Because a successful team functions throughout surgery as a medical entity, each member is in effect a subset of a larger unit. As each team is comprised of the sum of its parts, the burden of success is shared by each team member to the degree that the other members of the team rely on them. No individual can be considered as too important or unimportant, high and low of the attempt of the impending surgery is to be a success.

Recent technological developments has dramatically changed surgeon’s roles by providing the means for surgeons to be more effective [17] . What is more, very convincing improvements in the surgical instruments and materials have resulted due to these open-ended advances. However, the techniques used are being adopted so rapidly and extensively that a single surgeon cannot possibly be fully competent in all aspects.

The surgeon’s success will depend in no small part on the quality and type of the range of materials (e.g. suture, intraocular material) he has at hand. He is required to be fully satisfied and perform regular checks on the materials he uses as they will no longer be visible on completion of surgery. Examples of these are a comprehensive knowledge of the range of intraocular material, their restricted usage and their mean life time. A surgeon’s updated knowledge and comprehension of the best dosage and frequency of e.g. drugs, agents, silicone oil, gas, is always required dealing with the age, condition and seriousness of the condition being treated.

In the midst of the surgical procedure, a surgeon must not divert his attention. The sole purpose of his work is efficiency in achieving as best he possibly can a successful outcome to the patient he is presently attending. To achieve this success, a proficient and professional atmosphere must be maintained (e.g. no external distraction, no annoyances within the workplace, no potential disturbances from outside during functional hours) where everybody knows the sequence, the dangers and the precautions which are required on completion of the surgery.

A clear indicator of a surgeon’s efficiency and care for his patient will be decided by the quality of the instrumentation he uses everyday in his surgery. While the best equipment may not always guaranteee the perfect result, it is a statement by the surgeon that he approaches all surgery in the most professional manner.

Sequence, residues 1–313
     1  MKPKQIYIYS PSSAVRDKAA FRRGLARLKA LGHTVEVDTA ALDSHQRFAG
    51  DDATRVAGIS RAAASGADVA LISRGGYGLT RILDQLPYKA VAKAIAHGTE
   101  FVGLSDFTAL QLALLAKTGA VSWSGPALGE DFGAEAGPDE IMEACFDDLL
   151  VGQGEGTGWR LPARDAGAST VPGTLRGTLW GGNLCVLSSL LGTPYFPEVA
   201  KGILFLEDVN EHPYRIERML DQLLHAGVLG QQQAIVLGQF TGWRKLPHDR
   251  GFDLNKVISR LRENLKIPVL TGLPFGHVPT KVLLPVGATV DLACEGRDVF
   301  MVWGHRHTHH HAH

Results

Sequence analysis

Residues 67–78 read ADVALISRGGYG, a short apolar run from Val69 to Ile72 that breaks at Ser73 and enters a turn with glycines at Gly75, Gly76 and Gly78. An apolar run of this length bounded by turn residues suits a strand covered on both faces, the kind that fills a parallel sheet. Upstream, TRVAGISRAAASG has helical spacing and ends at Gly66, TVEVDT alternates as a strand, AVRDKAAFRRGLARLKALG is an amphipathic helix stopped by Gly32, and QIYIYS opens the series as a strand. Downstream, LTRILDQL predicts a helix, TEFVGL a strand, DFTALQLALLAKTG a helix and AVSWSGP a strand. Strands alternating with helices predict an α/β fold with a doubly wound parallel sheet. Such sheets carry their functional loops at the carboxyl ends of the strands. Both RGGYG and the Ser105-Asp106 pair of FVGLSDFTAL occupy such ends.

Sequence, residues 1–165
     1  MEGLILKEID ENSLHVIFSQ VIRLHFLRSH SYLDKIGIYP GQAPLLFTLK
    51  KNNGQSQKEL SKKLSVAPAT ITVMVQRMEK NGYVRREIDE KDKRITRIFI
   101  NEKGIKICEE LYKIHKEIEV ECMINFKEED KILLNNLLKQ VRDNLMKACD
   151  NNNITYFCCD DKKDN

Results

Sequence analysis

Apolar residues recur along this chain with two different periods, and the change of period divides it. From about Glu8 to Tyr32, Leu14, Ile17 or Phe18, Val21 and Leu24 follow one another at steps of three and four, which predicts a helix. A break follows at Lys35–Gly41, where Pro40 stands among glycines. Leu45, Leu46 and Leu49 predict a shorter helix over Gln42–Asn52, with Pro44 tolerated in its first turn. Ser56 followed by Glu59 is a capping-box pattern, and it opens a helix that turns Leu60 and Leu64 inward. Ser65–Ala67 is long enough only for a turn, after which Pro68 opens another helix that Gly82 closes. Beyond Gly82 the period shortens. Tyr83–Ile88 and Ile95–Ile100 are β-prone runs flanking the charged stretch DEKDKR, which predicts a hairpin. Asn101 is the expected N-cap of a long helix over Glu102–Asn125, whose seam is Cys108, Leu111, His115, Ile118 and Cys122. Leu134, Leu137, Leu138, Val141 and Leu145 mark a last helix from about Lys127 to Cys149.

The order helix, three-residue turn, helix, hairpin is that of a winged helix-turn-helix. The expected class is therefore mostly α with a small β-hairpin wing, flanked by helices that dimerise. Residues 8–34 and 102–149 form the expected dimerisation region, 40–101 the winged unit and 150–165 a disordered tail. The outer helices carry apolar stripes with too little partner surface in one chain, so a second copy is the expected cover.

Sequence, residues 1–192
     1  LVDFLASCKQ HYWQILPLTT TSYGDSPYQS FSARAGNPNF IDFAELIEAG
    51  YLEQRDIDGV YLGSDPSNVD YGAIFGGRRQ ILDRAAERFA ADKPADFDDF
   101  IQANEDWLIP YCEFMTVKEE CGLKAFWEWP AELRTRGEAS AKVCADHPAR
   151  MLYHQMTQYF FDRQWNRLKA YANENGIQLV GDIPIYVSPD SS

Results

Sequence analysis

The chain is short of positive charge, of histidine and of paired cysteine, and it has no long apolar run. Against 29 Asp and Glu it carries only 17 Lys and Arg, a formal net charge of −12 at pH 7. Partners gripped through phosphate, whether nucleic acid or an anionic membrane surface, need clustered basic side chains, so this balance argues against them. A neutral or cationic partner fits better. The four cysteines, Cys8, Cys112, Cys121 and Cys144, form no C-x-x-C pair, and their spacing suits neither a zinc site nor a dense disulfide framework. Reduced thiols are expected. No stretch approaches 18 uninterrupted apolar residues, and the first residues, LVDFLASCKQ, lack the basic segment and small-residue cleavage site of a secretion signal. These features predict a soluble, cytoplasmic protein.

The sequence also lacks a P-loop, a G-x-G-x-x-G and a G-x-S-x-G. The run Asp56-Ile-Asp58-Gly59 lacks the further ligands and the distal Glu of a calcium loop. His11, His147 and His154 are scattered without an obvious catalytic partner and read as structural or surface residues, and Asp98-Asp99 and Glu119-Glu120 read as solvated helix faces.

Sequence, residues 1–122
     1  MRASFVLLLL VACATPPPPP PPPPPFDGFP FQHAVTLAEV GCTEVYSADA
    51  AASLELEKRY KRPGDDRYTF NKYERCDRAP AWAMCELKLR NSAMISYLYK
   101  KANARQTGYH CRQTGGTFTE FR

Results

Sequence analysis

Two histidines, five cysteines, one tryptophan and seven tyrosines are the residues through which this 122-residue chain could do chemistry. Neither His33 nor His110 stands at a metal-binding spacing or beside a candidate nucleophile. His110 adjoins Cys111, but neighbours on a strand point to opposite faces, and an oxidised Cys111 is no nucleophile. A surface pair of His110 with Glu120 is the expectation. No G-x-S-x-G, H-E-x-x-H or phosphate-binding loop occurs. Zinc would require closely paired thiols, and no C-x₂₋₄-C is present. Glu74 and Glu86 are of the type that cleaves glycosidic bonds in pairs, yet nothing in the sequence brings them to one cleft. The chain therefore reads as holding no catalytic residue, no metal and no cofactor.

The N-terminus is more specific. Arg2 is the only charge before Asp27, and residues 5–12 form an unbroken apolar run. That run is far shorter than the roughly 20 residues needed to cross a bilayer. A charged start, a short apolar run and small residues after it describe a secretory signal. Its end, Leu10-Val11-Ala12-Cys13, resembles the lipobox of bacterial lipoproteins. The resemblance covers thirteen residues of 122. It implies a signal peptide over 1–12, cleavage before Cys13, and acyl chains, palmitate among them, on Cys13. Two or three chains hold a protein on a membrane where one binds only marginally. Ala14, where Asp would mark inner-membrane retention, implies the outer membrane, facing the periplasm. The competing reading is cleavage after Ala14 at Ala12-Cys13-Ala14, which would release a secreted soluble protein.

Ensuring good visualization of the surgical field is an essential principle. Seeing clearly requires proper direction and intensity of lighting, proper positioning of the patient, skillful assistants, proper positioning of the surgeon’s hands and competence in the use of approporiate optical aids.

Every professional category learns best from within its own circle. For this reason, assistant surgeons require exposure frequently on the present and new techniques being practised within the operating room. It can also be of great value to have readily written reference available in the operating room so that junior team members have access to them at all functional times.

For people who encounter ocular health problems resulting in e.g. poorer vision; the treatment and quality of eye surgery available is of special importance. Ophthalmic patients often require excellent medical, surgical and emotional care. However, complete success is not an invariable outcome of surgical treatment. Thus, patients must be prepared to accept results desirable than hoped for. Each patient is unique with his or her nature, needs and wants. Thus, surgeons must understand the unique qualities of each patient at each interaction and patient’s response to disease. It is also vital that the patient must have confidence in his or her surgeon, and that the confidence is deserved.